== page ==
Music to my ears: Book on Pashto music producers hits the stands

Author says veneration composers deserve is lost in entertainment process. PHOTO: EXPRESS

Author says veneration composers deserve is lost in entertainment process. PHOTO: EXPRESS

PESHAWAR: Pashto music and the contribution of singers have been enjoyed a great deal over the years. However, the amount of effort the families of musicians put in to produce great work and the veneration they deserve, is lost in the process of entertainment.

In order to give recognition to producers without which singers who reached the pinnacle of their careers and gave melodious tunes to the world would not have been possible, writer and poet Layyeq Zada Layyeq published Fankar Na Mri part-2 (Artist Never Dies) on Wednesday.

The book—follows from its first part that had cast light on famous Pashto singers of the past—elucidates the contributions and work of 33 families of musicians. “The vocalist just brings his or her voice – after the poet, the music composer deserves credit, however, 90% of Pukhtuns have no information about them,” Layyeq told The Express Tribune.


“Searching for melodious musicians and singers of the past has been my ambition,” Layyeq told The Express Tribune. He added after writing about singers, he tried to find people who could speak through beats and understood the sur and taal.

He said these people evoke emotions in a song where lyrics incite listeners to search for their pain and find solace.

According to Layyeq some musicians were not even Pukhtuns but had served Pashto music, adding new colours to the art. “They accepted this land as their own and the book brings to life their contributions and sacrifices,” Layyeq said.


The author said most producers come from a family of composers and their work and talent passes on from generations with varying degrees of success. The famous singer Hashmat Sahar followed the work of his father Ustad Qadam Khan, a musician from Khyber Agency. “The family has rendered great service to Pashto music and their work has been kept alive,” Layyeq said. He also gave the example of senior music producer Ustad Nazir Gul who continued the legacy of his father, Ustad Khaista Gul.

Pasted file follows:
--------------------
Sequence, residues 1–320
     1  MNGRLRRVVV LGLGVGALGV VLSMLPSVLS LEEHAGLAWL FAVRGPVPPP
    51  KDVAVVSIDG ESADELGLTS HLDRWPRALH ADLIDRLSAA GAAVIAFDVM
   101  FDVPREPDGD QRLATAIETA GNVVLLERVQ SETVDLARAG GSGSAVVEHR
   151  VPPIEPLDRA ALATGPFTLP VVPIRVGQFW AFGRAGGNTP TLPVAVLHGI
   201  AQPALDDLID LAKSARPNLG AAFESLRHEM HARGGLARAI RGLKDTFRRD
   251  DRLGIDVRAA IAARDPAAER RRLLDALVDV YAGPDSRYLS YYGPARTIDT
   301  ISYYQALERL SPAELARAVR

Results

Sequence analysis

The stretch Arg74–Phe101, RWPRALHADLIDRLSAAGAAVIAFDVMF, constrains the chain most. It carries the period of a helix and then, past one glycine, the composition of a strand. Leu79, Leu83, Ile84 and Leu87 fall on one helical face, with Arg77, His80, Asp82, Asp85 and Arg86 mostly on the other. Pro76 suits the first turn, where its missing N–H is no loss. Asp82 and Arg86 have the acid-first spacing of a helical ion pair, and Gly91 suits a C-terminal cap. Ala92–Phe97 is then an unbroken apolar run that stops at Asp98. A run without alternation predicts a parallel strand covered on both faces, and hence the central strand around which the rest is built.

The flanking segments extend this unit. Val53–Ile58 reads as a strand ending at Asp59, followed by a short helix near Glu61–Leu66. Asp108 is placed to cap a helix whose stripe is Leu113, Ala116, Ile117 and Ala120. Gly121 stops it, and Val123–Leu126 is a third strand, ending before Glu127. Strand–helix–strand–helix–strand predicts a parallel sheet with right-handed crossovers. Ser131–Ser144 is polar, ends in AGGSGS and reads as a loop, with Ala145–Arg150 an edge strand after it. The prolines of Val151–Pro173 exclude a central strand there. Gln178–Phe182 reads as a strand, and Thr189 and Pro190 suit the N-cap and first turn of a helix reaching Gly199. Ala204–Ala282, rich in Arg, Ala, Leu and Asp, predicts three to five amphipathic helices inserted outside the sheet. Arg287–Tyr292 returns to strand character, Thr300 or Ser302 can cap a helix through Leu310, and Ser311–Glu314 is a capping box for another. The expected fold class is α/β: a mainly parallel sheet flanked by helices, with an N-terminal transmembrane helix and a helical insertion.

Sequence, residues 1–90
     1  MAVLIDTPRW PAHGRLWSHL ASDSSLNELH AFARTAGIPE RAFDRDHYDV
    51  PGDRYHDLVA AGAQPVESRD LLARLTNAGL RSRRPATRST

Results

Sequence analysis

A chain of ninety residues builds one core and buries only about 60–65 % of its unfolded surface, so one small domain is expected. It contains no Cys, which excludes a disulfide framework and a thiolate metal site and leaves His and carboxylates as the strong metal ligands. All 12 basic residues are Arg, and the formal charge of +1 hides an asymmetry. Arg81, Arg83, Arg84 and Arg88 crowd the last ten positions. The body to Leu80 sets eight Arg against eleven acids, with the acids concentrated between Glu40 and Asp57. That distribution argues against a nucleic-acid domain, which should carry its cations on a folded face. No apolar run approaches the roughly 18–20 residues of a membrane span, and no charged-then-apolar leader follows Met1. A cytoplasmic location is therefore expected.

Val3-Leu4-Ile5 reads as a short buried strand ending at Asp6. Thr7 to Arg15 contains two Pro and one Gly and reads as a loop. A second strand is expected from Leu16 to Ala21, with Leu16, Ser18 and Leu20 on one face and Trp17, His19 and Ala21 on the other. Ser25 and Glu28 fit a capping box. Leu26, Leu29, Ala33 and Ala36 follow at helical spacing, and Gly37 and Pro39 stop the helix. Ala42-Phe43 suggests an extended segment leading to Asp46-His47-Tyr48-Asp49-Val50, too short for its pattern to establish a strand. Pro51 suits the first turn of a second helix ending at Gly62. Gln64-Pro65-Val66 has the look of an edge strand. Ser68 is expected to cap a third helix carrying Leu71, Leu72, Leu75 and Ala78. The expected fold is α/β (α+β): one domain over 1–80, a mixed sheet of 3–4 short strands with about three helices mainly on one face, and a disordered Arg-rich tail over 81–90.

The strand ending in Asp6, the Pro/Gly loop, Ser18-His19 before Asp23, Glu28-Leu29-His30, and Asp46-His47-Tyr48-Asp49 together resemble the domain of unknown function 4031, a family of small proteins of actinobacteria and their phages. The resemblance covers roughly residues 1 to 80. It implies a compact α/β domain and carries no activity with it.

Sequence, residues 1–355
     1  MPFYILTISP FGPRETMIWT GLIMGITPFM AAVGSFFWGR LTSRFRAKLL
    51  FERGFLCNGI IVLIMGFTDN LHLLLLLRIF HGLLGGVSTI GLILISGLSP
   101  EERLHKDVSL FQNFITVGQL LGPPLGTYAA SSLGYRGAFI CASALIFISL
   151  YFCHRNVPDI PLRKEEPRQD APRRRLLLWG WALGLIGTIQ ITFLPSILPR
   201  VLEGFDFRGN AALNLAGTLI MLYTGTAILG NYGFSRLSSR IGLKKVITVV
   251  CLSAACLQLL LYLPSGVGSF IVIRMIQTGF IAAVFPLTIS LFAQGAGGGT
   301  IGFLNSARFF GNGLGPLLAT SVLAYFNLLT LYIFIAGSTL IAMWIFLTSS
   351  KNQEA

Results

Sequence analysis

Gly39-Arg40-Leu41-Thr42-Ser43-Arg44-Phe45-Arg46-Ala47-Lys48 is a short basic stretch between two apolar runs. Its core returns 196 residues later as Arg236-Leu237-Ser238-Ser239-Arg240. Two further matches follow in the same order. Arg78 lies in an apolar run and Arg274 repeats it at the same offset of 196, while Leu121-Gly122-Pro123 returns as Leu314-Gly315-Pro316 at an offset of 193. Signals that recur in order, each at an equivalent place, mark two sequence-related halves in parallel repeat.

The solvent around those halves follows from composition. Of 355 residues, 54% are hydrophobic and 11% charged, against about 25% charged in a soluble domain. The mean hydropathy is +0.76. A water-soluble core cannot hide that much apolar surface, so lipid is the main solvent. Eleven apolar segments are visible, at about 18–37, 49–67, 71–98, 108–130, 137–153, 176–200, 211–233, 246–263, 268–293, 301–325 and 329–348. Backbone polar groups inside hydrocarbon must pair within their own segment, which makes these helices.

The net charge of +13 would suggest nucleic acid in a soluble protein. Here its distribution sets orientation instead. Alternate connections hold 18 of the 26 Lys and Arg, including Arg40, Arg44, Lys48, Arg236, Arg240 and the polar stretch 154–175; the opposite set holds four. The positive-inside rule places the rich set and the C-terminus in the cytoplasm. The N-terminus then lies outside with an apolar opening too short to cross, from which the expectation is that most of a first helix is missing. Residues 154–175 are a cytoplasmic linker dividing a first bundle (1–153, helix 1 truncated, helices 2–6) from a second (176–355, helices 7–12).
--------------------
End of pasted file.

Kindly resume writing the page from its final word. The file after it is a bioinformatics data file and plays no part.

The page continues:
“The children of musicians are ambitious and wish to take on the responsibility of keeping their family and ancestral tradition alive,” the author said. He examined the work of Shakir Zeb Nowshervi, the grandson of Ustad Aqal Meer, a legendry harmonium player from Nowshera. “Shakir’s father Jahanzeb Nowshervi was also an expert at harmonium and today Shakir and his brother Farrukh Zeb are famous Pashto music producers in the province with their own recording studios.”

The downfall

The author said, “However, due to the stigma attached to music in the region, children of several famous musicians have ceased to follow their parents’ footsteps.” Layyeq wrote about Zarnosh Ustad who started music with Drooza but had no one to carry his legacy forward.

He said moreover, most of the maestros were folk artists, and unlike in the past, the style of music has greatly changed today. “These musicians would take several days to bring a composition for the public but now music has become mechanised—rhythms are put into a computer—which has dealt a deathblow to many instruments.

Layyeq also said the great musicians of the past spread the magic of their work beyond Khyber-Pakhtunkhwa and into Delhi and Kolkata. “However, unfortunately, unlike in the Punjab, the gharana system could not flourish in K-P and families failed to get their due recognition,” he said.

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